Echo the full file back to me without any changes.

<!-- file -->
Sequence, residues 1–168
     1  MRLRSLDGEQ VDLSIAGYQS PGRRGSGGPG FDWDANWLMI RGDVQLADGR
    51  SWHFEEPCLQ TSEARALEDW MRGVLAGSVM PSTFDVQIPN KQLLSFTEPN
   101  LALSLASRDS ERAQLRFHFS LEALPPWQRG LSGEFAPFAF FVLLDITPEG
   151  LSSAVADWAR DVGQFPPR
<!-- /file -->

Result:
Sequence, residues 1–168
     1  MRLRSLDGEQ VDLSIAGYQS PGRRGSGGPG FDWDANWLMI RGDVQLADGR
    51  SWHFEEPCLQ TSEARALEDW MRGVLAGSVM PSTFDVQIPN KQLLSFTEPN
   101  LALSLASRDS ERAQLRFHFS LEALPPWQRG LSGEFAPFAF FVLLDITPEG
   151  LSSAVADWAR DVGQFPPR